Patients with hypertension and chronic kidney disease (CKD) who underwent more intensive blood pressure (BP) control experienced a 14 percent reduced risk of all-cause mortality than those with less intensive treatment, according to a meta-analysis published in JAMA Internal Medicine.
Researchers extracted mortality data from 18 randomized clinical trials comprising 15,924 adults with both hypertension and stage 3 to 5 CKD. Thirteen of the trials had two defined BP targets, while the other five compared BP treatment to either no treatment or a placebo. The median follow-up period was 3.6 years.
The mean baseline systolic blood pressure (SBP) for the entire population was 148. Patients receiving more aggressive therapy saw an average drop of 16 millimeters of mercury, while those receiving less intensive therapy saw an average drop of 8 mm Hg. The finding of reduced mortality for patients treated more intensively was consistent across multiple subgroups.
“The highest mortality benefit was observed in studies that achieved the greatest difference in SBP during the trial, a result that did not reach statistical significance (P = .06 for heterogeneity),” wrote lead researcher Rakesh Malhotra, MD, MPH, and colleagues. “These data will need to be re-evaluated when additional trials evaluating intensive BP control among those with CKD are completed. Nonetheless, this preliminary finding supports our overall conclusion that more intensive BP control may be beneficial for individuals with CKD.”
The researchers noted a previous meta-analysis demonstrated more intensive BP lowering for CKD patients resulted in fewer cardiovascular-related deaths. However, they felt all-cause mortality was a more appropriate endpoint.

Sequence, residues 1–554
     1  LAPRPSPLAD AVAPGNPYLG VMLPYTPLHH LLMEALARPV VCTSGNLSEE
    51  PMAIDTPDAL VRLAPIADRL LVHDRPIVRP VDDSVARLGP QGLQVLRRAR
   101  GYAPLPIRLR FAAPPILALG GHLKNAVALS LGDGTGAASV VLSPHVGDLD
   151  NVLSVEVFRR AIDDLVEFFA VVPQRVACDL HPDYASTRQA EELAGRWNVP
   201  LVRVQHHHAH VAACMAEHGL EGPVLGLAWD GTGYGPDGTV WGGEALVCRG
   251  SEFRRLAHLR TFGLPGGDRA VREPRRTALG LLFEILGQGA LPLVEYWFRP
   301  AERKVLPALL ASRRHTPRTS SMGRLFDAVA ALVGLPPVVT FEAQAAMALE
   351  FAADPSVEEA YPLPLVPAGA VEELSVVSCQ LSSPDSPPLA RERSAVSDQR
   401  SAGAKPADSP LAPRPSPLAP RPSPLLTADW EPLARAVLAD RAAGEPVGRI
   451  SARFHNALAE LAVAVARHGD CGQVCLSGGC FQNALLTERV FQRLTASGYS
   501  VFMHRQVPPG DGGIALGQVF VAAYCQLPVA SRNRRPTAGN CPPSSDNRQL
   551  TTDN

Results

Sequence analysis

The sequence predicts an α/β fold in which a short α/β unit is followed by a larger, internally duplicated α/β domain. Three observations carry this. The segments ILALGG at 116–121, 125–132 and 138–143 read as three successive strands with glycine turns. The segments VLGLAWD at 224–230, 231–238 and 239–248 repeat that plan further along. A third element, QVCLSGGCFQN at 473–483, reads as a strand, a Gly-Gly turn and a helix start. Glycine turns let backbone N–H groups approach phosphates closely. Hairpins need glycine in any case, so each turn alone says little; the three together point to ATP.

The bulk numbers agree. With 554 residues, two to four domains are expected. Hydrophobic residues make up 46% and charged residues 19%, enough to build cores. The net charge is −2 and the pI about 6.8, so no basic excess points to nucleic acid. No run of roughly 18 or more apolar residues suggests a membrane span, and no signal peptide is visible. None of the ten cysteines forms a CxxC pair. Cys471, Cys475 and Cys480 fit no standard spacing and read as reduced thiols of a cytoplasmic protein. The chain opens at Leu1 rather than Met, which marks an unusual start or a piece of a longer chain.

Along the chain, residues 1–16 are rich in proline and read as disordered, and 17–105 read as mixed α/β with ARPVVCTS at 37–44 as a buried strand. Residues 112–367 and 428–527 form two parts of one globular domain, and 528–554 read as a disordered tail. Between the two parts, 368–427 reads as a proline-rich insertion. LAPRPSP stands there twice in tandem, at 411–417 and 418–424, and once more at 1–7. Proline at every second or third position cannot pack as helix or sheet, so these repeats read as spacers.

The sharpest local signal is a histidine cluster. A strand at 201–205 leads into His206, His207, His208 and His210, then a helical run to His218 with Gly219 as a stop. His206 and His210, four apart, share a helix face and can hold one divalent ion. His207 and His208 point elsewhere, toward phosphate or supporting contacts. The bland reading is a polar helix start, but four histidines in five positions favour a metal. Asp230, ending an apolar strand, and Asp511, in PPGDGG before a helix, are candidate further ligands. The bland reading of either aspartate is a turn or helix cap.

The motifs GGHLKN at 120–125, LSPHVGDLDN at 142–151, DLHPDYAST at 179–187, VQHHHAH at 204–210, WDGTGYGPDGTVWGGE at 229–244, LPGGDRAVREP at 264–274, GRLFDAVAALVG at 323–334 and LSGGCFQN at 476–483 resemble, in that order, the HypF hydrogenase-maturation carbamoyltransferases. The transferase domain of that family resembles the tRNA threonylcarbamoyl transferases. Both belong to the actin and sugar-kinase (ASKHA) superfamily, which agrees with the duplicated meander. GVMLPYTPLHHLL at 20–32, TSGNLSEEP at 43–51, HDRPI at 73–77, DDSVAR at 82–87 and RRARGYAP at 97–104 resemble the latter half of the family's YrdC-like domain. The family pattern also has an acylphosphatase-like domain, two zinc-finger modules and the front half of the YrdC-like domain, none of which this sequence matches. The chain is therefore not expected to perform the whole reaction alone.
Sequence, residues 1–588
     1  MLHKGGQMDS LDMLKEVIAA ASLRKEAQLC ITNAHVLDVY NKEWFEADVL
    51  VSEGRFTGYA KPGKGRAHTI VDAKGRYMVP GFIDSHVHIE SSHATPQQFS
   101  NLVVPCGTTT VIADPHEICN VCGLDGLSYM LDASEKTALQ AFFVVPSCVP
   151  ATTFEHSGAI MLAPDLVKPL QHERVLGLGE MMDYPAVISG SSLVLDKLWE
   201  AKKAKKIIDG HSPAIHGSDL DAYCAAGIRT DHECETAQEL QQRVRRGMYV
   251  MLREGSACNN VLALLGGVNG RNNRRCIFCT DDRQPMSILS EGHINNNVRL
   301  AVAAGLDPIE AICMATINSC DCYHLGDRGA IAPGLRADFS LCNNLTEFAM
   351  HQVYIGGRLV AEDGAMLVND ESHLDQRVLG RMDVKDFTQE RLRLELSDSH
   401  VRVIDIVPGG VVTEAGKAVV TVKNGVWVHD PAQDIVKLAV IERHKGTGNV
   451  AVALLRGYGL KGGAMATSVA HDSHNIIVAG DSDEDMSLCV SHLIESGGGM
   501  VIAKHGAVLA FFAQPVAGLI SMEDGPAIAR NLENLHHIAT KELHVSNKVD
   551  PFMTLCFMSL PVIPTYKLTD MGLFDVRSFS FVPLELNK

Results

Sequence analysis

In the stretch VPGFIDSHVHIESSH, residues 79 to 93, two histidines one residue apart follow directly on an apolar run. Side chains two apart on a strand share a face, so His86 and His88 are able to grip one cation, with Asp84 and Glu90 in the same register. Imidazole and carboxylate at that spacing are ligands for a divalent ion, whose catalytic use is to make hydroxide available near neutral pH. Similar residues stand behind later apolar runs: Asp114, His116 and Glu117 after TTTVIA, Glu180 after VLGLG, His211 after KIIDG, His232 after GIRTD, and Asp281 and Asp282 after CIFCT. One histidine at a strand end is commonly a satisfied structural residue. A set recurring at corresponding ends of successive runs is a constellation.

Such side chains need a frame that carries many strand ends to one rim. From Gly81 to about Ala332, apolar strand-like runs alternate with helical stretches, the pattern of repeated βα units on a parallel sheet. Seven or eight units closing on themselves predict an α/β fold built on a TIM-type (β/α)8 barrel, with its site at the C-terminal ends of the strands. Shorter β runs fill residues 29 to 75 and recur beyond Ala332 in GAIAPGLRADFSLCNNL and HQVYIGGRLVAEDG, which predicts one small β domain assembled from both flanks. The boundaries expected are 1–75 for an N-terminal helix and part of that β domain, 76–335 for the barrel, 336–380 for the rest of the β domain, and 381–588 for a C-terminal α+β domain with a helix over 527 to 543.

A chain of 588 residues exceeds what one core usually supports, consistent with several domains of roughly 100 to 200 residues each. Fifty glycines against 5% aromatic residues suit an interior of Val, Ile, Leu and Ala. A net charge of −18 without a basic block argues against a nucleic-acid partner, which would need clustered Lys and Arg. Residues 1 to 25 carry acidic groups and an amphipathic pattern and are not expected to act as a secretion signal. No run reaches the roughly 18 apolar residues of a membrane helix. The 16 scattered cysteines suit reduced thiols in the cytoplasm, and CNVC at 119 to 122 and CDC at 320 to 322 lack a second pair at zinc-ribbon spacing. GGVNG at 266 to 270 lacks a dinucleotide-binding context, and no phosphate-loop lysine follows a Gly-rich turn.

“We evaluated all-cause mortality because it balances the competing risk of multiple clinical outcomes and because it is a ‘hard’ outcome assessed similarly across studies,” Malhotra et al. wrote. “For example, if more intensive BP lowering leads to higher risk of AKI (acute kidney injury) and CKD progression but lower risk of CVD events, these outcomes could offset one another, with no overall effect on all-cause mortality. This consideration is particularly important in persons who have CKD at baseline.”
The authors noted their research could inform upcoming guidelines from the Kidney Disease: Improving Global Outcomes expert panel. It may also help CKD patients and health care professionals discuss the relative risks of BP lowering, they said.
A notable limitation of the analysis was a lack of data on the severity of CKD within each study. Therefore, the researchers were unable to stratify the results based on disease class.
“Most individuals in the included trials had CKD stage 3, and we acknowledge that the risks and benefits of more intensive BP lowering may differ in persons with more advanced CKD,” the authors wrote.
In an invited commentary, a nephrologist pointed out additional caveats of the analysis.
“The mean overall intensive SBP of 132 mm Hg in the meta-analysis actually falls within the clinical target recommended by most current guidelines (i.e., less than 140 mm Hg) and is also within the range that has been associated with the best outcomes in large observational studies,” wrote Csaba P. Kovesdy, MD, with the division of nephrology at the University of Tennessee Health Science Center in Memphis. “One could therefore interpret the results of this meta-analysis as solidifying existing evidence about the benefits of lowering BP to a range of 130 to 140 mm Hg but not as proof that truly intensive BP lowering (i.e., to a target less than 120 mm Hg) is beneficial.”
Kovesdy also noted 167 patients would need to be treated with the more intensive therapy in order to prevent one death. In addition, a different meta-analysis showed 250 patients would need to be treated to prevent one renal failure event.
“These diminishing absolute benefits have to be weighed against the increased likelihood of adverse effects and the higher costs associated with more intensive BP lowering,” Kovesdy wrote.